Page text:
Ramirez complained toward the end of last season that playing the outfield wore down his legs. He seriously considered opting out of his contract to return to the American League for a designated-hitter role, but instead exercised a $20 million option to remain a Dodger when it was clear no other club would come close to that salary.
Torre played diplomat and sidestepped questions about the two big uncertainties heading into Spring Training: his fifth starter and starting second baseman. He wouldn't name a front-runner or eliminate any candidate, but did provide a few hints.
For the fifth starter, he said he would be "tempted" to use Scott Elbert out of the bullpen, that James McDonald could start or relieve, that Eric Stults has shown "flashes of something very special." Other candidates include Charlie Haeger, Josh Lindblom, Rule 5 Draft pick Carlos Monasterios and reclamation project Russ Ortiz.
Torre also sounded intrigued by the Dodgers' interest in Chien-Ming Wang, currently rehabbing from shoulder surgery but once his Yankees ace. The Dodgers saw Wang throw on flat ground last week but believe he's three months or more away from pitching in a game.
"He was my leading pitcher two years in a row. You can't ignore the fact he's a special young man," said Torre. "With what he's coming back from, he has to be evaluated."
As for second base, Ronnie Belliard is assumed to be the incumbent, having started throughout the playoffs and just re-signed. Torre, though, was careful not to rule out Blake DeWitt or Jamey Carroll. Belliard, DeWitt or Carroll would be likely fill-ins for Blake at third if they are not starting.
"The kid [DeWitt] had a rough year," Torre said, referring to DeWitt's six callups. "We'll give him a fair shot over there. Carroll, I don't know a great deal about, but [hitting coach Don] Mattingly and our scouts like him a lot. Belliard, you certainly know how much I trusted him at the end."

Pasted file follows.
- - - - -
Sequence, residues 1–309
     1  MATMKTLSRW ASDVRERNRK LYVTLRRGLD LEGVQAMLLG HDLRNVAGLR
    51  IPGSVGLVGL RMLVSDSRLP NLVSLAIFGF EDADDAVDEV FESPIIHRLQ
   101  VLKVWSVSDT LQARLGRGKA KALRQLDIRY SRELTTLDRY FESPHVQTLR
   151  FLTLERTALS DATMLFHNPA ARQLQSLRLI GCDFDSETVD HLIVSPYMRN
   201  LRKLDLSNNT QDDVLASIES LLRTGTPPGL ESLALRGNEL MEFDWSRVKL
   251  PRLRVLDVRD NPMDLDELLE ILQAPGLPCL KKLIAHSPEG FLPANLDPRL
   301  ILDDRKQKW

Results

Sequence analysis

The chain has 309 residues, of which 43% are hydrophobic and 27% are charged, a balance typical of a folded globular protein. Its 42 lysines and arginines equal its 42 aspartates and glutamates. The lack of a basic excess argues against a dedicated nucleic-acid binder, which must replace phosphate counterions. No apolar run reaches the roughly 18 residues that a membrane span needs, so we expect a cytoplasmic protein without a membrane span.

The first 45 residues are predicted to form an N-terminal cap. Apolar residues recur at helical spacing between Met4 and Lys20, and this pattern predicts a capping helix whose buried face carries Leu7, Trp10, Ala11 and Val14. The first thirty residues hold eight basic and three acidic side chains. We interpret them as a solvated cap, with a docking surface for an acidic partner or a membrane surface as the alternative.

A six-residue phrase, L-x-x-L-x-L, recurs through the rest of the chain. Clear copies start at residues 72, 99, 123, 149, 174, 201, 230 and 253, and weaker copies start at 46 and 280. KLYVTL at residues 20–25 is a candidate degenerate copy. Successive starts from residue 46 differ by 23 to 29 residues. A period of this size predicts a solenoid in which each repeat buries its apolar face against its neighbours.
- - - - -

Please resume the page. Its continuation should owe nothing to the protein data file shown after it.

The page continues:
Torre reiterated general manager Ned Colletti's comments that the signing of Johnson was important because of his versatility to play all three outfield positions and indicated that the Dodgers could carry four outfielders and eight infielders, making Jason Repko's chances of making the team slim.
"Right now, we'll go into Spring Training with an excess of infielders," he said.
Torre said he spoke by phone with Ramirez last week.
"He seems anxious to get started," Torre said. "Last year, missing 50 games [to a drug suspension], his biggest problem was having trouble recovering from coming back in cold. It's not easy to do, especially on a first-place team, taking somebody out of the lineup like Juan Pierre. He felt a lot of pressure and fought himself a lot."
Torre said his representatives have had two conversations with the Dodgers about extending his contract, but nothing has been resolved. Colletti said earlier Torre might manage through 2011 (his current contract expires after this season), then move into a front-office advisory role.